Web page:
Olivia Jade and Isabella Giannulli should right there with their parents Lori Loughlin and Mossimo Giannulli when the husband and wife are sentenced for their roles in the college admissions scandal on Friday, according to one legal expert.
“I would have charged the daughters,” former U.S. Attorney Naema Rahmani, who is not involved in the case, told The Mercury News on Thursday. “They were absolutely complicit.”
On Aug. 21, the “Full House” actress, 56, and her fashion designer husband, 57, will be handed their sentences after accepting a plea deal and pleading guilty.
The couple was accused of paying $500,000 to have their two daughters designated as recruits for the University of Southern California (USC) despite the fact that neither of them ever participated in the sport. Their daughters no longer attend USC.
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For their participation in the wide-ranging scheme, prosecutors recommended two months in federal prison for Loughlin and five months for Giannulli. The parents appeared to fall on their swords for the sake of Olivia Jade, 20, and Isabella, 21, so the sisters would not be subjected to testifying at a trial or being criminally charged themselves for their own involvement – a possibility Rahmani said was likely.
In April, Fox News obtained court documents filed by the FBI that included images allegedly depicting the famous couple’s daughters dressed in workout gear on an ERG machine in an attempt to make their admission to the university as rowers more believable.
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The images were allegedly staged in order to falsely designate the sisters as recruits for the university crew team in admissions applications.
The documents also include email correspondence between Giannulli and scheme mastermind and admissions consultant William “Rick” Singer in which they allegedly discuss staging the photos in an effort to sell the lie to the university.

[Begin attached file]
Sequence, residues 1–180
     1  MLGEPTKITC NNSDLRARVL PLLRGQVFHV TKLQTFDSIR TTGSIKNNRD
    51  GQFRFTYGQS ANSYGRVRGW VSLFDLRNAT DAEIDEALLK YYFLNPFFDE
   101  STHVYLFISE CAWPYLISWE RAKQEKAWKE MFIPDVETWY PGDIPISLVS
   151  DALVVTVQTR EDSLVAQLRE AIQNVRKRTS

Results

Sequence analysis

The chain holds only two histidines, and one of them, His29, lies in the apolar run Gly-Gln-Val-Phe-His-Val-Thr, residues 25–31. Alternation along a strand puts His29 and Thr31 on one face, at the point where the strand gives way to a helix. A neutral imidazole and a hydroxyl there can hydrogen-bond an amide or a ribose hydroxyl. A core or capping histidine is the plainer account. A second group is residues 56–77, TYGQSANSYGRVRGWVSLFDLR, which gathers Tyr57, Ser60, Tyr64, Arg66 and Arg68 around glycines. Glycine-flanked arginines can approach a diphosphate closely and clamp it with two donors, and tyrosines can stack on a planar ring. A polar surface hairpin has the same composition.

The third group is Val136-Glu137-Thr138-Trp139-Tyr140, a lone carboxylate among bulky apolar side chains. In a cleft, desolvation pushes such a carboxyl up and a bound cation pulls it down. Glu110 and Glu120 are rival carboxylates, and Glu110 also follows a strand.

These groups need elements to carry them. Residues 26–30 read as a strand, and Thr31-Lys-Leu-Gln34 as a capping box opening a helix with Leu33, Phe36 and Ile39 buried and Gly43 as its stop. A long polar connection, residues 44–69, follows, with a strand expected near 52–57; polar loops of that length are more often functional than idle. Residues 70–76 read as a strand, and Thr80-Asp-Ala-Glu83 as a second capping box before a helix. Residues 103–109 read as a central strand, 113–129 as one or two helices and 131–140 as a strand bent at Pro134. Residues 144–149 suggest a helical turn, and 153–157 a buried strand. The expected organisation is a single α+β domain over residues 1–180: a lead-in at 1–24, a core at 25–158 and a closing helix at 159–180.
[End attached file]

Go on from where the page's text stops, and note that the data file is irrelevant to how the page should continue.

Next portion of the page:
The documents show that in August of 2016, Singer sent Loughlin and Giannulli an email explaining that he was in the process of creating a coxswain portfolio for one of their daughters and noted that, “it would probably help to get a picture with her on an ERG in workout clothes like a real athlete too.”
Giannulli responded: “Fantastic. Will get all.”
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The documents indicate he emailed a photo of one of his daughters on Sept. 7, 2016.
In July of 2017, Giannulli sent a photo of his other daughter to Singer, this time cc’ing Loughlin on the thread.
However, new details have since emerged that detail the extent the Giannulli family went to foster their plan for USC admission as a sentencing memo submitted by prosecutors shows Loughlin and Giannulli had copied Olivia Jade, a former YouTube star with over 2 million subscribers, on emails they exchanged with Singer.
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The memo further alleges Loughlin and Gianuulli groomed Olivia Jade about what to say and how to interact with her high school guidance counselor, who grew suspicious of her USC application.
Citing the memo, the Mercury News said Olivia Jade pressed her mother about whether she should list USC as her top choice for interest in schools.
“Yes . . . But it might be a flag for the weasel to meddle,” replied Loughlin before Giannulli added: “(Expletive) him,” and referred to the counselor as a “nosy bastard.”
Loughlin later chimed: “Don’t say too much to that man.”
In May, the Massachusetts District Attorney’s Office announced that the couple would plead guilty. The duo struck a plea deal that would have them both serve time behind bars that is well below the maximum they likely would have received after a losing court battle.
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Loughlin agreed to plead guilty to one count of conspiracy to commit wire and mail fraud, and Giannulli will plead guilty to one count of conspiracy to commit wire and mail fraud and to honest services wire and mail fraud.
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The charge of conspiracy to commit federal program bribery carries a maximum sentence of up to five years in prison and a fine of up to $250,000. The couple’s previous charges of money laundering and conspiracy could have resulted in 40 years.
However, according to the terms of the recent plea agreement, Loughlin would serve two months and pay a $150,000 fine along with two years of supervised release and 100 hours of community service. Giannulli, meanwhile, would serve five months in prison, pay a $250,000 fine with two years of supervised release and 250 hours of community service.
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Although the couple officially pleaded guilty, the judge neither rejected nor accepted the terms of their plea agreement, saying he’ll issue an official ruling after reviewing pre-sentencing reports. The couple is scheduled for official sentencing on Aug. 21 at 2:30 p.m. for Loughlin and 11:00 a.m. for Giannulli
Fox News’ Tyler McCarthy contributed to this report.